Jack in the Box’s home state is giving the company some headaches. It just doesn’t know how severe they will be yet.
The owner of Jack in the Box and Del Taco is based in San Diego, and about half of the two chains’ locations are in California, which is poised to create a board that will oversee regulations and wage rates for fast-food chain restaurants in the state.
The centerpiece of that effort is expected to be an increase in the minimum wage for those chain restaurants to $20 an hour. That will be a substantial increase in wages for the more than 900 locations Jack in the Box has there, or about 43% of its 2,200 locations.
Del Taco operates 371 restaurants there, or about 63% of the 591 locations it operated at the end of 2022, according to data from Restaurant Business sister company Technomic. The company estimates that wages at its corporate restaurants would increase 10% to 12% next year, largely due to the impact of that law on the California locations.
“We are confident in our ability to manage through this, helped by our unique franchisees’ scale and decades-long experience operating within the state,” CEO Darin Harris told investors on Tuesday, according to a transcript on the financial services site AlphaSense.
He said the company would rely on pricing, margin improvement efforts and the company’s “unique guest loyalty in California, where both brands have been beloved for over 60 years.”
Yet the company is still uncertain about what kind of impact this will really have, particularly when it comes to transactions.
The company expects to raise prices 6% to 8% companywide, largely because of the California wage hikes. But what happens from there is anybody’s guess at this point.
“The reality of it is, I think most in the industry are not exactly sure how it’s going to perform,” Harris said.
The uncertainty is rooted in the uniqueness of the legislation, which only affects one sub-segment of a single industry. The regulations affect limited-service chain restaurants with 50 or more locations. So it doesn’t affect growth restaurant chains or independents or full-service restaurants.
And it doesn’t affect other industries, meaning the fast-food chain restaurants paying these higher wages may not get the benefit of the higher incomes generated when states raise minimum wages.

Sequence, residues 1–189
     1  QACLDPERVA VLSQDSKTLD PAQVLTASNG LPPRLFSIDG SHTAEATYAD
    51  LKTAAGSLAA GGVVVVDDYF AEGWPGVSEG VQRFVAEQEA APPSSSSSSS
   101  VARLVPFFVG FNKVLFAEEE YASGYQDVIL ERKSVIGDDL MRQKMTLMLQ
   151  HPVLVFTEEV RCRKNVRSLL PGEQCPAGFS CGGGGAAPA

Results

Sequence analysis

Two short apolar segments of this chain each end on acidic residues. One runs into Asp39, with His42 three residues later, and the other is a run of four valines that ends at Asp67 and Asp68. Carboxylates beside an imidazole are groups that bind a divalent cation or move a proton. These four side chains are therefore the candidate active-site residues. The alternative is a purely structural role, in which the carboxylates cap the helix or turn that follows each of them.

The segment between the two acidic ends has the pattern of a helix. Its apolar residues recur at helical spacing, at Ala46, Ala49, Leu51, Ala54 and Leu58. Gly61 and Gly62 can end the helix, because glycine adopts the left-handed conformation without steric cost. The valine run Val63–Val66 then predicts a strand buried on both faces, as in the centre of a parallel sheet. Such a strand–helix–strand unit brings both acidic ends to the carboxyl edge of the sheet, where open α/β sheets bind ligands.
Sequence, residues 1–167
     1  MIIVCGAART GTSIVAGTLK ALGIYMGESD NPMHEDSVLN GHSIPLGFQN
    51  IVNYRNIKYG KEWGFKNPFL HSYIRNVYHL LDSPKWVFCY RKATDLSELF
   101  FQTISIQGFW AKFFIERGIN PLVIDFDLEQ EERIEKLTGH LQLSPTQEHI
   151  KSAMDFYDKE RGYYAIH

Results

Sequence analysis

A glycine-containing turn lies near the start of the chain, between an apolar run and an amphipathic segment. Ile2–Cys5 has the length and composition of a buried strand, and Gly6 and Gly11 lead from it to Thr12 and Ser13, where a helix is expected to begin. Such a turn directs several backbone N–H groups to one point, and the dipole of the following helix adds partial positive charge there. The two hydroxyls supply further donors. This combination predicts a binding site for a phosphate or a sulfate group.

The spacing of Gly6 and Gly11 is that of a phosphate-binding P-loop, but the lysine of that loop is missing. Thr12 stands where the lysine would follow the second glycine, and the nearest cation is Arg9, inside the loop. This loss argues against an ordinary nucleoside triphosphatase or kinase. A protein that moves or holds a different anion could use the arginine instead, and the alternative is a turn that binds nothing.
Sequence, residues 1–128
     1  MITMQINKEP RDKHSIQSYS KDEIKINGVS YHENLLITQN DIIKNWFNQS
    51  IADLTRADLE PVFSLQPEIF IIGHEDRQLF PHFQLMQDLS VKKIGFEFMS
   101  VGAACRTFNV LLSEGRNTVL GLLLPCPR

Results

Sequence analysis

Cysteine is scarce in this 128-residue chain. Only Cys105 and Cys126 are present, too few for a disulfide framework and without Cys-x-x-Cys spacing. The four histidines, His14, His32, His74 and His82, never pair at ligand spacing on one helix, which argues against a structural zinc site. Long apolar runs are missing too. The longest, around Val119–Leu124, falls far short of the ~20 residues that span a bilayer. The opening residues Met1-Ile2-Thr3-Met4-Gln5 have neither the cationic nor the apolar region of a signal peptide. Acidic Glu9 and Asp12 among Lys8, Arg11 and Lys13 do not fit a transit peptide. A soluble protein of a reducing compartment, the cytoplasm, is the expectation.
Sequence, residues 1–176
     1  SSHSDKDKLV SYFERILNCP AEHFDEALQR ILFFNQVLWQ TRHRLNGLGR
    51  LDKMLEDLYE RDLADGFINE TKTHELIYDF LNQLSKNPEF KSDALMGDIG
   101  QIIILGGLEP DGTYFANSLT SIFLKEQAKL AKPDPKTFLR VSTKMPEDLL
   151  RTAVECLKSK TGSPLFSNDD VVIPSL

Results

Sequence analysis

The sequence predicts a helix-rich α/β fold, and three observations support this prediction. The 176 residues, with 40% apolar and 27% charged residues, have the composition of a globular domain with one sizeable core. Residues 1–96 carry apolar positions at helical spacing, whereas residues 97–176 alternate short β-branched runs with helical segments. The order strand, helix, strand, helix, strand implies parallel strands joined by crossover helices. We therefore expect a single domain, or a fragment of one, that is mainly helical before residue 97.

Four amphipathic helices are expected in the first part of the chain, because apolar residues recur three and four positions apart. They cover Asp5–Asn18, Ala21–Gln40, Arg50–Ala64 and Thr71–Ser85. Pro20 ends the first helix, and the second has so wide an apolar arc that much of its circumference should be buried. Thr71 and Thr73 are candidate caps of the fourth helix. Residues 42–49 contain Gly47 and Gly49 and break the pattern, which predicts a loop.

While large-scale chains have expressed their own confidence in dealing with the higher wages—and McDonald’s said it could build more locations in the state—there are still concerns about the impact the legislation could have on chain finances.
Yum Brands said its California-heavy Habit Burger would take a $10 million operating loss in the fourth quarter, based in part on expected impacts of the legislation, which isn’t even in effect yet.
Raising prices as much as 8% chainwide—implying a larger increase in California—will have an impact on lower-income consumers that are already reeling from two and a half years of inflation.
Both Jack in the Box and Del Taco reported lower-than-expected same-store sales, with Jack in the Box up 3.9% in the company’s fiscal fourth quarter, including 7.6% in pricing.
Del Taco was even worse, with a 1.5% same-store sales decline despite a 6.6% increase in price. The company said that it is doing fine with higher-income consumers. Lower-income diners, however, are a challenge.
“We definitely have seen some softness at Del Taco in the lower-income consumer,” Harris said.
Still, the company said sales are improving overall at Del Taco. Executives also said they expect same-store sales at Jack in the Box to be in the lower single digits in the chain’s 2024 fiscal year.
Harris said the company is focused on ensuring it is reaching its customers “in the right way” this coming year. “With what’s going on in California, it’s really hard to predict what really will happen with sales,” he said. “So, we are focused on how we reach our customers. How we provide them service in the way that we need to.”
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